Montana Story Directors And Cast Talk Fighting With Nature And Building A Family [Interview]

When faced with the challenge of making a film during the height of the Covid pandemic, the makers of "Montana Story" had a novel approach: Get as far away from other people as possible, and shoot in the most remote corners of sparsely populated Montana. There, the team behind this independent drama crafted an intimate story about family, trauma, reconnection, and catharsis. 

Haley Lu Richardson and Owen Teague play a pair of siblings who have been estranged for years only to be reunited as their father's health deteriorates, forcing them to return to the family ranch and face old, still-bitter conflicts. When "Montana Story" made its premiere at the Toronto International Film Festival in 2021, I had a chance to sit down with writers/directors Scott McGehee and David Siegel (as well as stars Richardson and Teague) to discuss the making of their latest film, which is finally being released this Friday.

This interview has been lightly edited for clarity and brevity.

'We were working on another movie'

For David and Scott, you guys worked on this project from beginning to end: You wrote and directed it. What was the inspiration? How did this idea come into being?

Siegel: We were working on another movie that we thought was going into prep in March [2020], and it got shut down because of the pandemic. And we spent a number of months trying to get that back on its feet. And at a certain point, I realized that it probably wasn't going to happen. So it was in the middle of the summer that we started thinking about or wondering whether there was a story in us to write that we could shoot in a place that was relatively isolated, that we could take a small group of people, cast and crew, and [we] started noodling on ideas that we think really sort of emerged from the pressures that we were all feeling in the middle of 2020 as the pandemic settled in, and "Montana Story" sort of grew out of that.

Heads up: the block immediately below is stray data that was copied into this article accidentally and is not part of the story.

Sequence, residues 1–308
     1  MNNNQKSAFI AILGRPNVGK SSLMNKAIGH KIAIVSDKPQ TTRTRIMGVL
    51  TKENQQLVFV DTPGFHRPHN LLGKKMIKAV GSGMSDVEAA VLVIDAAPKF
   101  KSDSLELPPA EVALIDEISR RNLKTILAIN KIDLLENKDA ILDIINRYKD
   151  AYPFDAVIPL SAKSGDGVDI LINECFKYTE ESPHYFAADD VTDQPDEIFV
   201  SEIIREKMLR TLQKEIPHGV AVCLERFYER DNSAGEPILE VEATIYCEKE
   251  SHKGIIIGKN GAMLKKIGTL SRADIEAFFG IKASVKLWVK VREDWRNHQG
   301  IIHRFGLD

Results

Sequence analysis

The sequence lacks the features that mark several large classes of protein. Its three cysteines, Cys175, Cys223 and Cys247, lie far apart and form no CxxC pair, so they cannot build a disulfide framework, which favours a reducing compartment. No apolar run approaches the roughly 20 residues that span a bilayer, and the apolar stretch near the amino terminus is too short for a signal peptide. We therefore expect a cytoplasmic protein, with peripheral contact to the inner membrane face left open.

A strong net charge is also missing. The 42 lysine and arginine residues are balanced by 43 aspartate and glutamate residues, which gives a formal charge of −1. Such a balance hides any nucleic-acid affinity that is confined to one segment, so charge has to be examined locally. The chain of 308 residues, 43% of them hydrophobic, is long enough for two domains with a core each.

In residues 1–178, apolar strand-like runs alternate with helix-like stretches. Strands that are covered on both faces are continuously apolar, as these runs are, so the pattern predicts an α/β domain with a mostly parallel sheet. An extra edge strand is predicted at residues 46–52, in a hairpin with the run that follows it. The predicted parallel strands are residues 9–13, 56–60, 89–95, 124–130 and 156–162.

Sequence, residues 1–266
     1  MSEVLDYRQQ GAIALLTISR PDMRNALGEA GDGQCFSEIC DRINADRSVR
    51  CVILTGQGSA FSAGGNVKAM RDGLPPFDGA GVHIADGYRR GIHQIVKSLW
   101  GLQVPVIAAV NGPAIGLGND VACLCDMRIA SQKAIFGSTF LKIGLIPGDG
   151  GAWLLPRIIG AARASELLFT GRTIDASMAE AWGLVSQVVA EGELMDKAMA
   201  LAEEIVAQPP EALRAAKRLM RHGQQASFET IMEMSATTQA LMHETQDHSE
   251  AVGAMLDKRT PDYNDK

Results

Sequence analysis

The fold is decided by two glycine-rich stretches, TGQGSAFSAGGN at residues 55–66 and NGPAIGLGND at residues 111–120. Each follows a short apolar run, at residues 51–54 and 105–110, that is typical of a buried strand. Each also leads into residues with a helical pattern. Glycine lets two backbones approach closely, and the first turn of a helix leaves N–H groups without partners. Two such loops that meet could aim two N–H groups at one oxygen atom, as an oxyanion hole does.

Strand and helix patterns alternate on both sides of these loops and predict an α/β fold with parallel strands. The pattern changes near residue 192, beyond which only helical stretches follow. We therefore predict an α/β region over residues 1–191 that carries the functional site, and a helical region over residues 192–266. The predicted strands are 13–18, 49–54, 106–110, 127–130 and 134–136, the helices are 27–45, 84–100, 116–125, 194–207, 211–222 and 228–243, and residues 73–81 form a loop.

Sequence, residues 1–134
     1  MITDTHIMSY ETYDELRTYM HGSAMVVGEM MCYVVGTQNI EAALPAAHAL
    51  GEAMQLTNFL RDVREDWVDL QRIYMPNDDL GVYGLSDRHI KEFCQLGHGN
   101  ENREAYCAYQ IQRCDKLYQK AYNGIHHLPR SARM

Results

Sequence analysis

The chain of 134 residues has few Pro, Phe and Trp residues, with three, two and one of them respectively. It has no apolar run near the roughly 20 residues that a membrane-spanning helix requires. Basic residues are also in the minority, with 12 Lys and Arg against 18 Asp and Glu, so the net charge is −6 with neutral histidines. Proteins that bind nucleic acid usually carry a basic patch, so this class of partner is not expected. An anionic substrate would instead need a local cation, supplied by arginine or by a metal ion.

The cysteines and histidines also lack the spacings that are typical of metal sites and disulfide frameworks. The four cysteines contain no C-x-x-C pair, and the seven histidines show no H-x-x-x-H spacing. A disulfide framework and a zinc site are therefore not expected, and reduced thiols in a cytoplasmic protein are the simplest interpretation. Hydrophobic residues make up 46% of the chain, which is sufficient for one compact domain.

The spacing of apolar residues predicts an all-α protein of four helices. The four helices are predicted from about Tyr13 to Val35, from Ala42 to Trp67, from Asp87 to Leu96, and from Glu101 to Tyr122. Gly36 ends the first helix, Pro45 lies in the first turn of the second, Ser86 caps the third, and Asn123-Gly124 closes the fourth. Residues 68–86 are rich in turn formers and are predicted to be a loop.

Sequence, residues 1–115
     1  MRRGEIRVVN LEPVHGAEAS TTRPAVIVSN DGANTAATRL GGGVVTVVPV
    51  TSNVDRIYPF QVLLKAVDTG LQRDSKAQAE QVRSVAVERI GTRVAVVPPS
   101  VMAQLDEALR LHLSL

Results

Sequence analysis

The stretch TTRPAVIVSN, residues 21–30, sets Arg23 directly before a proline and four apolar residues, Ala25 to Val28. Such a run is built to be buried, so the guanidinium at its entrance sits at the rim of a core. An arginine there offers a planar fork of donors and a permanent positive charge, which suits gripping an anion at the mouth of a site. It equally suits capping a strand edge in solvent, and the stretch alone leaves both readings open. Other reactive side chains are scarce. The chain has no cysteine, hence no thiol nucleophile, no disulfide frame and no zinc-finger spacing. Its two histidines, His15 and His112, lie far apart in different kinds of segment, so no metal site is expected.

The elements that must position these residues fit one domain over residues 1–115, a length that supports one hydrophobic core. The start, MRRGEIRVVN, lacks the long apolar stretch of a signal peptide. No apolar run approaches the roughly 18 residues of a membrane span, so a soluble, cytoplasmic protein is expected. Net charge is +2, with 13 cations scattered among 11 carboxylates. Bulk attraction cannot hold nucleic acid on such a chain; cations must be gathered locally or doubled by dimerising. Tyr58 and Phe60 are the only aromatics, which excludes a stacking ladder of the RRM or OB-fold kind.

'You couldn't hide there as actors'

How was it shooting for all of you guys at these gorgeous natural locations? That must have been a really nice respite from everything else going on.

Teague: Yeah, it was beautiful. We've talked a few times about just how being in Montana affected us in making the film. It really opened me up in a way that I wasn't expecting. Just the scenery is — not the scenery, but the environment, just being in that kind of massive, wide open ... you [Haley] put it really well: You said you can't hide there, which is kind of scary, but it's also really kind of nice if you're acting.

Richardson: Yeah, you couldn't hide there as actors. And also, Cal and Erin, being back home in that world, it's hard to hide how you're really feeling. There's something about Mother Nature that'll do that to you.

Siegel: I was just thinking that there's a lot of push and pull in the movie, there's a lot of dualities that are playing off each other. I hadn't really thought about this before, but Montana was ridiculously beautiful and being there, everything that Haley and Owen were saying is really true. But we got hit by a lot of really bad weather and a lot of wind, really harsh wind, that we weren't really fully expecting, which we really loved in the movie. So the place itself was a kind of push and pull too, because it went back and forth between being both kind of an idol and also something to endure and I think that was interesting.

Richardson: That's so poetic. What you just said.

Teague: The first weekend I was up there, it was like 72 degrees during the day, Fahrenheit, it was great. You could wear a T-shirt outside. Then literally the next week, it was 10 inches of snow.

Richardson: Owen and I literally had to hug constantly...

Teague: Cuddle, like penguins...

Richardson: Literally, never been closer to a human. And then the second they would say, "Action!" we would just hug one more second and then do the scene.

Teague: "Okay, okay, and alright, now we're going."

Richardson: Yeah, and that was with coats and heaters and everything else.

I'm from Buffalo, so I know something about that.

Richardson: I'm from Phoenix, Arizona. So I was not prepared.

Teague: And I'm from Florida, so I was also not prepared. [laughs]